FTF gives you the inside details to the Spanish Virgin Island of Vieques, a little known Caribbean treasure neighboring Puerto Rico.
For many years, Vieques was considered the inexpensive and un-touristy “sister” of Puerto Rico, just eight miles off the much larger island’s east coast. Development of the island’s lovely Caribbean beaches had been stalled since 1947 by the U. S. Navy’s training, testing and base facilities which covered more than half the available land. Thought of as another oddball, shoestring-budget destination, it lured primarily young couples and students. After the millennium, Vieques’ fortune began to change.
The opening of the island’s first luxury resort on the northwest coast in 2003 followed the closing of the U. S. Navy’s Camp Garcia Base and the cessation of all military training and bombing exercises on the island.
So far, you’ve heard that Vieques is quiet, little known, scenically pristine and a good value for the Caribbean. But it’s the large Bioluminescent Bay (in Spanish la Bahia Fosforescente) at Puerto Mosquito which put the island on the tourist map. This body of water houses millions of dinoflagellata
protozoa, microorganisms which glow in the dark as you paddle by. Your children can visit their website to read more about the science behind this phenomenon, and find information on conservation efforts to save the bay’s unique character and native fish. Although there are other phosforescent bays on Puerto Rico, Vieques’ is considered more pristine environmentally.
Despite development, its gregarious locals, hip ex-pat community, the proximity of horseback riding, off-road biking, fishing, good snorkeling, and limited dive sites continue to make Vieques a favorite among eco-adventure travelers. Companies such as Blue Caribe Kayaks (787/741-2522, 149 Calle Flamboyan, Esperanza, Vieques, PR 00765), which runs fishing trips and kayak tours, and Island Adventures (787/741-0720), which has nightly excursions to the Bioluminescent Bay, offer pick-ups from various hotels and B&Bs.
In addition to its bays and beaches, families can also spend a day touring the island’s historic Spanish Fort and the Punta Mulas Lighthouse Museum, then take in a few of Vieques’ ceramics and painting galleries.
Lodging for Adventurous Families
The former Martineau Bay Resort was taken over by Starwood properties in 2005 and began a multi-million dollar renovation in April 2007 in preperation for a relaunch, as an even more upscale property – the W Vieques Martineau Bay – in April of 2009. The old resort had very large deluxe guestrooms in three-story, plantation-style buildings on 42 acres. Each room had all the expected luxury amenities, plus balconies or terraces, with suites available. Within the resort itself was a small business and extensive fitness center, two tennis courts, and two private beaches stocked with free sailing, kayaking or snorkeling gear. The resort also had a pool with two infinity edges, a pool-side cafe, two restaurants and a 5000-square-foot spa. The 138-guestroom, 20 villa suites property will remained opened until April 2007 when it closed for its transition to the W brand. Upon reopening the staff will be retrained, concierge and spa services will be upgraded so make sure to check the website for details as the date approaches.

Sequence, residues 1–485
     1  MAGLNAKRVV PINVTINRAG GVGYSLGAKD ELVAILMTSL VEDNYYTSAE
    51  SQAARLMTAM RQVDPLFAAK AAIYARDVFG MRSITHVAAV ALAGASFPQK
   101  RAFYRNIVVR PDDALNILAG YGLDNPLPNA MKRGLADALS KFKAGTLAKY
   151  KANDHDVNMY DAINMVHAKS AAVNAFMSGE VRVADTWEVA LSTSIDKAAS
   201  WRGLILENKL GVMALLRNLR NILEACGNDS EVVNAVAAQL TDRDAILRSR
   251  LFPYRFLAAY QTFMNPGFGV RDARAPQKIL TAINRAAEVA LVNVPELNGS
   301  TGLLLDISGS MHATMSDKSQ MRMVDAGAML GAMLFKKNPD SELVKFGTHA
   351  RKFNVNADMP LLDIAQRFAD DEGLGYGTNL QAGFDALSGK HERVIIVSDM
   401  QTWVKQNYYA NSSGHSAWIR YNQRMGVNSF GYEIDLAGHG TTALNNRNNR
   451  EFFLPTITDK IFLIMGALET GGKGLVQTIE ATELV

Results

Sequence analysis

Among the small, simple B&Bs which traditionally housed students, FTF member Steven Masur recommends Hacienda Tamarindo ( 787/741-0420, Vieques, PR 00765), for “pleasant rooms with private baths, good service, very nice staff and wonderful views of the bay, at reasonable rates including breakfast.” This 16-room inn does not accept guests under 15 years, so Mr. Masur suggests families with younger children look at www.vieques-island.com/hotels.shtml for other suggestions.
A recent write-up in the New York Times recommended La Finca Caribe ( 787/741-0495, Rte. 995, km 1.2 00765 Puerto Rico), a few miles outside of Esperanza, with six guest rooms sleeping one to three in a central inn, plus two cottages (one sleeping three to four rents for $800-$1,050/week, the other sleeps up to five.) The main inn has shared bathrooms, an outdoor shower, communal kitchen and a large deck with hammocks to admire the view, with rates about $105-$135/N per room.
Another recommended choice is the Posada Vistamar ( 787/436-0933, Vieques, PR 00765) notable for its gourmet restaurant serving nueva latina fare. Here, small rooms sleep up to two and have private facilities, but lack a crucial Vieques accessory: mosquito netting. Note also that some of the beaches, including the secluded Green Beach, attract sand flies during cooler times of day.
Getting There and Getting Around
Vieques is south of Culebra off Puerto Rico’s east coast. It is easily reached by ferry from Fajardo (about one-hour drive from Puerto Rico’s San Juan Airport) or by a new high speed ferry. The Island HiSpeed Ferry Company (866/783 7996) vessel (they also operate in Rhode Island) departs twice daily in season from the Acuaexpreso Pier 2 in Old San Juan and takes one hour, 45 minutes to get to Culebras, before continuing on to Vieques. The roundtrip adult fare for 2008 is US$78; for children 4-12 years it’s US$63. Of the small planes, Vieques Air Link is the oldest of the companies flying. Check out The Vieques Travel Guide for current transportation options and schedules.
To take advantage of the island’s fine beaches, try the small restaurants in Esperanza or the seaside cafes of Isabel Segunda, where the Puerto Rico ferry docks. Families may want to rent a car and a few companies are available on island.
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